The move comes as train conductors bring to a halt virtually all ScotRail Sunday trains outside Glasgow in a series of walkouts over the same issue which are due to continue until May 2.
In the latest ballot, ticket examiners voted by 238 to 44 to strike.
They work on electric trains in and around Glasgow, including on the line to Edinburgh via Bathgate.
Unlike conductors, who control doors on trains elsewhere, any action by ticket examiners is not expected to automatically lead to cancellations.
However, the Rail, Maritime and Transport union (RMT), which staged the ballots, said it could cause other problems.
Scotland organiser Mick Hogg said: “With no second person on the train [with the driver], Scotland’s trains would become a magnet for anti-social behaviour and assaults.
“There would be no revenue collected and our disabled passengers would become more vulnerable.”
RMT general secretary Mick Cash said: "Our ticket examiners have now joined our conductor members in this fight for equality with other ScotRail grades over enhanced payments and it’s now time for Abellio to get out of their bunker and do the right thing by their staff.
“The political leadership in Scotland can no longer sit on the fence and ignore these disputes in their back yard.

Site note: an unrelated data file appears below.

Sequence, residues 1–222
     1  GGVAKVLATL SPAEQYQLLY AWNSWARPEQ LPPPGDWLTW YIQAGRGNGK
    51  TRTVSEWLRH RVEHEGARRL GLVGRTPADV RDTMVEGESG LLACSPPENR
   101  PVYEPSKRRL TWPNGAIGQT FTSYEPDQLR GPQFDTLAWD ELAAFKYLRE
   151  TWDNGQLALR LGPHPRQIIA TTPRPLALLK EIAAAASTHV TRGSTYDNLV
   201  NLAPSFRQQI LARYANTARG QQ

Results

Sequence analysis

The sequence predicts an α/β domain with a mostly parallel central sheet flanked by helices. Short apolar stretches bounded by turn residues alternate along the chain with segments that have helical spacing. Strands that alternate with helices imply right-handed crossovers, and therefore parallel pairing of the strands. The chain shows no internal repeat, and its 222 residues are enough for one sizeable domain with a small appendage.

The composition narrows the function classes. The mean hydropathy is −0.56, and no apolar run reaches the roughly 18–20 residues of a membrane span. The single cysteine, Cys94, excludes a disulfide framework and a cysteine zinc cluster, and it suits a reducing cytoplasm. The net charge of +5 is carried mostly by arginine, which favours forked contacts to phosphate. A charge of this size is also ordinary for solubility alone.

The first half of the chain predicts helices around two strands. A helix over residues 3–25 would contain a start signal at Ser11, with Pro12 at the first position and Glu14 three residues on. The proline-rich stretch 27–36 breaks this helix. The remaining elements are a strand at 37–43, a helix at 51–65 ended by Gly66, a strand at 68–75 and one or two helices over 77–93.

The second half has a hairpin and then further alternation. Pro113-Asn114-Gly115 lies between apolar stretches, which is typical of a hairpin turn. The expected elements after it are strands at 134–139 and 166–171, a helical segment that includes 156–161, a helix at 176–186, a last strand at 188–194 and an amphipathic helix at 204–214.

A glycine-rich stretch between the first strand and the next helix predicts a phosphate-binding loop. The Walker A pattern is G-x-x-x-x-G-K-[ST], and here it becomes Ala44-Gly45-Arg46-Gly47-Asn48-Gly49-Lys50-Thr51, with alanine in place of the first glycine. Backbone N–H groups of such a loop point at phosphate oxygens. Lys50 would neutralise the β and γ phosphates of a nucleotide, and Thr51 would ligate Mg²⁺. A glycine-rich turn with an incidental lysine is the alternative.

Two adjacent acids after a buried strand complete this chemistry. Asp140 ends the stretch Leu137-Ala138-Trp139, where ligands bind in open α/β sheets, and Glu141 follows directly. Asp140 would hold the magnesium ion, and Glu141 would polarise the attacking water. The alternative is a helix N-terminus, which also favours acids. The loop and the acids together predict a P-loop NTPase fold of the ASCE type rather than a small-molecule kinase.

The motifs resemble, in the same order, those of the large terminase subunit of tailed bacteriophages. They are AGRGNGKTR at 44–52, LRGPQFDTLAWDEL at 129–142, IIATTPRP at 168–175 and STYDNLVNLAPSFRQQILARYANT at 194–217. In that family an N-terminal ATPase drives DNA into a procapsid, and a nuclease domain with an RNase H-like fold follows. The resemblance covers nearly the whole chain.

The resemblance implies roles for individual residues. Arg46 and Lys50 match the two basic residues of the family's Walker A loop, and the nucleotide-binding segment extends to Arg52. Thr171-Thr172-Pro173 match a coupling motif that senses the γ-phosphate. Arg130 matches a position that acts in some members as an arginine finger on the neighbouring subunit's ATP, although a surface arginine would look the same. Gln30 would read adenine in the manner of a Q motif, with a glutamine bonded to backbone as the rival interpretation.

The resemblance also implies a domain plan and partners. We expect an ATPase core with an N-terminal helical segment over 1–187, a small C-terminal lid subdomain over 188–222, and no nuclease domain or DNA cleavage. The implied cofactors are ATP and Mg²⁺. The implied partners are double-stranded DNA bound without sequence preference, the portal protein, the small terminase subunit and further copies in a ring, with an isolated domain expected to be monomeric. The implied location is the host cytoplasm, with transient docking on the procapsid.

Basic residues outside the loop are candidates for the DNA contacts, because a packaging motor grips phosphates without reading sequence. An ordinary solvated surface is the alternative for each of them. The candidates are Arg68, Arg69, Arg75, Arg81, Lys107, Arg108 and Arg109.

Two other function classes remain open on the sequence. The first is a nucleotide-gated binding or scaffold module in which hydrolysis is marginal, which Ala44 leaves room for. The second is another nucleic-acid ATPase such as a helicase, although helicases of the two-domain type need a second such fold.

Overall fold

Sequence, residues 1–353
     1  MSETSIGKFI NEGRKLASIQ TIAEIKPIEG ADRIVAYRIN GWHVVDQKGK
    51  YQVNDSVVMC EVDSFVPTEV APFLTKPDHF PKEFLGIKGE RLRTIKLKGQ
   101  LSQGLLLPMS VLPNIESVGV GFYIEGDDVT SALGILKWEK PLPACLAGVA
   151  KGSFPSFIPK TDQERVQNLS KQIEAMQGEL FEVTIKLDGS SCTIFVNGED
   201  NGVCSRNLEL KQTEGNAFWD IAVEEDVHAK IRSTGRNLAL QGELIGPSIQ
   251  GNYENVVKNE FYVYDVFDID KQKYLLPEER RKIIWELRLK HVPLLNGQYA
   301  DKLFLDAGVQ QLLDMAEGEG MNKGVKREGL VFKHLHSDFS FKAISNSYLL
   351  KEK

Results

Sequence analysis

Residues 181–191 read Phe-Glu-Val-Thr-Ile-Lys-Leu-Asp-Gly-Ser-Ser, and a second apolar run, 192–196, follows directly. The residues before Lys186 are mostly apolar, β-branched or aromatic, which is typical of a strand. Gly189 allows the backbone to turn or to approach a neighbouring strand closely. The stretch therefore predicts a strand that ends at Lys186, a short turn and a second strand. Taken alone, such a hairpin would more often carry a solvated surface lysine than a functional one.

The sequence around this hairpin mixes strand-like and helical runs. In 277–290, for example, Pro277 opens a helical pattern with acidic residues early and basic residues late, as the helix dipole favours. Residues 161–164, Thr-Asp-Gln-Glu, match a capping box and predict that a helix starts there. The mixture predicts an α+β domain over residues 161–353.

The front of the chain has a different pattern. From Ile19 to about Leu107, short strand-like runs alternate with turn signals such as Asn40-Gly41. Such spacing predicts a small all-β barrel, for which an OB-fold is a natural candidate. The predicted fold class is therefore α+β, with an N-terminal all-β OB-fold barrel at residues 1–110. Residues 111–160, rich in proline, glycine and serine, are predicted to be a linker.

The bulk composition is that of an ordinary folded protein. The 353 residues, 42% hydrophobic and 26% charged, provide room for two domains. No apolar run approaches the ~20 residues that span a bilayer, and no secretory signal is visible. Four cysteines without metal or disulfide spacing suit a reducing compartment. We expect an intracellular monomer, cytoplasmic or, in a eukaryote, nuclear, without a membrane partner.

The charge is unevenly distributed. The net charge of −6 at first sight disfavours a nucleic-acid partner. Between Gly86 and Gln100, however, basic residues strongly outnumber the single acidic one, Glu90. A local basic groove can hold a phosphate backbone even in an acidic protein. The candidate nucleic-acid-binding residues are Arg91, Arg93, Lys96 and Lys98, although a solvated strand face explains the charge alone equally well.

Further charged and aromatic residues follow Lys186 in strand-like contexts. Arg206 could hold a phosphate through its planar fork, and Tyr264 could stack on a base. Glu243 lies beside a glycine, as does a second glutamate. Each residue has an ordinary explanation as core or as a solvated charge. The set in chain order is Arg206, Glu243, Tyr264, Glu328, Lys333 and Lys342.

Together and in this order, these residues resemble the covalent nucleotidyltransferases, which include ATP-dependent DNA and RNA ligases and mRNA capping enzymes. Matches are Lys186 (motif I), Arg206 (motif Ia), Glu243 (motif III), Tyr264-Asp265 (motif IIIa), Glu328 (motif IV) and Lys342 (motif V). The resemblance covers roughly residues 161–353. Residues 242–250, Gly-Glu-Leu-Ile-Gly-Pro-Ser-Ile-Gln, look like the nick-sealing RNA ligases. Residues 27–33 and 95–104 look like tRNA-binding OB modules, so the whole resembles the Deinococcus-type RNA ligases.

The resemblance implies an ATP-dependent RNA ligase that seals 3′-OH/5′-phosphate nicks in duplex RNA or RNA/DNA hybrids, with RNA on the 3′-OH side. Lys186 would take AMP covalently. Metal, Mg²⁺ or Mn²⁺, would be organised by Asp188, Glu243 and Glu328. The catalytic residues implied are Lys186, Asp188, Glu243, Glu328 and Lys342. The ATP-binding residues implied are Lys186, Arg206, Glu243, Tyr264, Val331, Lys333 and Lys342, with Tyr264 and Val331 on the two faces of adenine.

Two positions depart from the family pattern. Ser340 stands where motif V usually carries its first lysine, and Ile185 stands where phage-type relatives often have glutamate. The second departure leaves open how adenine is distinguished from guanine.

"It's time for serious talks, a serious approach to workplace fairness and justice and a serious solution to be reached."
ScotRail said it would await information about any action planned, which it said would be “reckless” with two and half weeks to go until mainland Scotland travel restrictions are expected to be scrapped.
Head of customer operations Phil Campbell said: “I’m disappointed the RMT’s ticket examiner members have voted for strike action when we are in the midst of the pandemic.
“When we are on the cusp of safely welcoming customers back onto Scotland’s Railway as lockdown restrictions ease, strike action over increased overtime payments is completely wrong for staff and customers.
“We will do everything we can to minimise the impact on customers, particularly those key workers who are reliant on our services, but services may have to be cancelled.
“ScotRail is currently facing the most significant crisis in its history.
"At a time when we need everyone to work together to rebuild and create a more sustainable railway for the future, the actions of the RMT bosses are reckless.”
The second of a planned series of six consecutive Sunday strikes by conductors on Easter Sunday halted nearly half of ScotRail’s 1,090 services, including all of those on lines outside the Glasgow area apart from the Bathgate route to Edinburgh.
All four ScotRail unions are also considering holding separate strike ballots over pay.
One of them, Unite, which represents engineers, is already balloting its hundreds of members at the company over pay and rest-day working payments, with the result due next week.
In a joint statement issued last week after the breakdown of pay talks, the unions claimed: “ScotRail has continually failed to engage in any productive way with the trade unions."